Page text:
The view out our window
Wednesday, April 28
We arrived in Gjirokastra, another Albanian "Museum City'' after a four-hour ride from Berati on a public mini-bus. The mountain scenery was spectacular, but we were glad we brought along Dramamine. It was two-lane roads all the way, with the bus winding through pine forests and up and down mountain passes. About three-quarters into the trip, the driver stopped at a nice mountain cafe where everyone sat down at tables and ordered drinks or food. This is civilized travel! And of course, this being Albania, the price was right- $7 each for the bus tickets.
Gjirokastra has a historic upper town and a modern lower town built during the communist era. Because of its "Museum City'' designation, most of its old buildings were spared. The exceptions were the mosques. Six were destroyed. One was left standing. It was turned into museum, then when communism fell, became a mosque once again.
The upper town, known for its Ottoman-era tower houses built along the steep sides of the valley, is where we settled into the Kotoni House, a six-room B and B run by Haxhi and Vita Kotoni in Haxhi's 300-year-old family home.
Vita and Haxhi Kotoni
The Kotini House
There are fancier places in town to stay, but likely no nicer hosts than the Kotoni family.They opened their inn in 1993, the first private hotel after communism. Later they received UNESCO funding to renovate inside and out, with a new facade and ceilings of carved wood. Rooms are $32 night including a breakfast of fried eggs, cheese, bread and homemade marmalade. The house sits just below a 13th century castle. Many of the homes surrounding Koton's are historic, but in need of repair. The owners have either abandoned them (one neighbor moved to the U.S.), or lack funding for restoration.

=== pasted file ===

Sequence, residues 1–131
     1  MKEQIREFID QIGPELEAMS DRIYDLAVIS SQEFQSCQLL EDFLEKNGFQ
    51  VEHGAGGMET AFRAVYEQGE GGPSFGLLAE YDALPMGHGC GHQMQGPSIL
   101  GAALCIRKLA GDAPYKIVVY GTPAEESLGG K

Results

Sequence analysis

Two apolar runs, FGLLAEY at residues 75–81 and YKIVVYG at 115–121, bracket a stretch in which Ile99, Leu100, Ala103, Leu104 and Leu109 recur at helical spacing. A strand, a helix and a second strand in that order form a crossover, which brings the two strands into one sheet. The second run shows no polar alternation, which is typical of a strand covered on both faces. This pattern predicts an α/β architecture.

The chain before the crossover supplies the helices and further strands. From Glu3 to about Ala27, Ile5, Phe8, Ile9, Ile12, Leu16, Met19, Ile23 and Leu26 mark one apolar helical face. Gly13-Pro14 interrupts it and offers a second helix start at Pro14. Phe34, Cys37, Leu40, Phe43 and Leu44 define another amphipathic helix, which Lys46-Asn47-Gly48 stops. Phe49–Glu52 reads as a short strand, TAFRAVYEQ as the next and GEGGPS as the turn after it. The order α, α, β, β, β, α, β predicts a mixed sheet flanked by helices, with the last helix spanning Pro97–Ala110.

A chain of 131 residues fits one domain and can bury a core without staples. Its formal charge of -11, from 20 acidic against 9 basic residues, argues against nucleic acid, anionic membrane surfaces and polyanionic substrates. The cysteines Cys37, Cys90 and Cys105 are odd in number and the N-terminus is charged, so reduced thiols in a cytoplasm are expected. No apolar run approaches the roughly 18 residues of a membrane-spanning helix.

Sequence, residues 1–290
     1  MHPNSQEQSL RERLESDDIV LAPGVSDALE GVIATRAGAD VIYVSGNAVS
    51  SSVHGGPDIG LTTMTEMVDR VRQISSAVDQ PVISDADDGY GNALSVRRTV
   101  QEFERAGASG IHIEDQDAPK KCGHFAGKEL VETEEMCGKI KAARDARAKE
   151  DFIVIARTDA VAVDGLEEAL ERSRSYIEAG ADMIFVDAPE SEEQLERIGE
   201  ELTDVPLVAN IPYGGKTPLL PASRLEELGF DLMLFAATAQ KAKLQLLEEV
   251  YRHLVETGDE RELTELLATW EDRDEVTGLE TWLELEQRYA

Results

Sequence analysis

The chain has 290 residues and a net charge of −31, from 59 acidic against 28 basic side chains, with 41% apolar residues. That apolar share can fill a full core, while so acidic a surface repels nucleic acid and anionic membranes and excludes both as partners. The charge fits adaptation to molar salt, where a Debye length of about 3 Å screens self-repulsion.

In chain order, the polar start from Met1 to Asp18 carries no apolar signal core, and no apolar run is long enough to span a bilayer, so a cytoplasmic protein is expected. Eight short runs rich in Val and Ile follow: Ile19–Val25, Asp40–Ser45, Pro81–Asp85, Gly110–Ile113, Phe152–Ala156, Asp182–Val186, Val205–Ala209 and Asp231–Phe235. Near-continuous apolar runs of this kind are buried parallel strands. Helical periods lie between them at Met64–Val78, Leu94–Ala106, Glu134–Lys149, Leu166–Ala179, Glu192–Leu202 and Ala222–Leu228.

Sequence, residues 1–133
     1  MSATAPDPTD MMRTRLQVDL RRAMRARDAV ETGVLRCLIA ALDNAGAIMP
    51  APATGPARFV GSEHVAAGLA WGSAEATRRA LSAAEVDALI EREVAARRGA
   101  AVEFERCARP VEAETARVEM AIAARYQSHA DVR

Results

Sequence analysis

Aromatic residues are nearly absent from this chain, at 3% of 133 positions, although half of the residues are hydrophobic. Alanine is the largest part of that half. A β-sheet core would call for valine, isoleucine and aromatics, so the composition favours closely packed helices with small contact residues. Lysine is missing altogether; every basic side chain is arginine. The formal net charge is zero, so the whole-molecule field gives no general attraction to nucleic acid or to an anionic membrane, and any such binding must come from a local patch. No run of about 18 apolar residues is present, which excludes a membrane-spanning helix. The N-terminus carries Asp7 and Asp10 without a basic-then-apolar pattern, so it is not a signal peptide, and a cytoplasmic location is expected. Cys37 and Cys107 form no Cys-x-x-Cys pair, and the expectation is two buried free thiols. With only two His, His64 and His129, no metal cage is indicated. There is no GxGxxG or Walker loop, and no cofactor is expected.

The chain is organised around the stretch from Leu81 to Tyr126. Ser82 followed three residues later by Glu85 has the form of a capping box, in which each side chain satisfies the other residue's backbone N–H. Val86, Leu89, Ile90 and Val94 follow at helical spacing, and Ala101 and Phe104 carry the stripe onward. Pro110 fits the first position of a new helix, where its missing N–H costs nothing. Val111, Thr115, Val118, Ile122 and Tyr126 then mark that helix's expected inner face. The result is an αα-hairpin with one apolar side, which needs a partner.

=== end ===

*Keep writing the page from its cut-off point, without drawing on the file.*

View of old Gjirokastra from the castle
Albania's communist dictator Enver Hoxha was born here, but the only evidence left is his house, now an ethnographic museum with a collection of furniture and household items that were used in Ottoman times. Most of the usual businesses, stores etc. are in the new town, but there's a handful of good restaurants in the upper town, many cafes serving excellent cappuccino and lots of restoration going on, manly funded by donations from private foundations and foreign governments.
The Hotel Kalemi
Drago Kalem bought the 200-year-old home, above, and restored it as a 12-room inn. We found him in the garden when we dropped by, and he showed us around. Rooms are spacious and cost about $47 a night with breakfast. Book early if you want to stay here. April is usually a slow month, but he was booked.
Albanian food is mostly Turkish-influenced, and we love it. An English-speaking tour guide in the museum turned us on to qifqi, a "rice ball'' made from rice, egg and mint, a Gjirokastra speciality, made in a utensil similar to a pan for making poached eggs.
Gjirokastra's 17th century bazaar
We found it on the menu at the Kujtimi restaurant in the old bazaar area in the upper town. Our guides were two Peace Corp volunteers, Courtney Jallo and Chris Hassler, whom we met through CouchSurfing.com. We had a wonderful evening talking and eating with them and other American volunteers stationed in Albania. Courtney works in public health. Chris works on city development projects. Their first choice for a Peace Corp posting was the "horn" of Africa, but when that didn't pan out, they opted for Albania, and seem to be enjoying their work and travels. CouchSurfing is a great way to connect with people when traveling, whether or not you need an actual couch for the night.
Chris and Courtney
We certainly appreciated their suggestion that we meet at the Kujtimi. We sat on the outdoor terrace, and feasted in a parade of salads, stuffed peppers, grilled eggplant, potatoes and other vegetarian dishes. When the bill came, we each threw in 500 lek - $5 each!
Next stop: Saranda, the coast and Greek ruins of Butrint.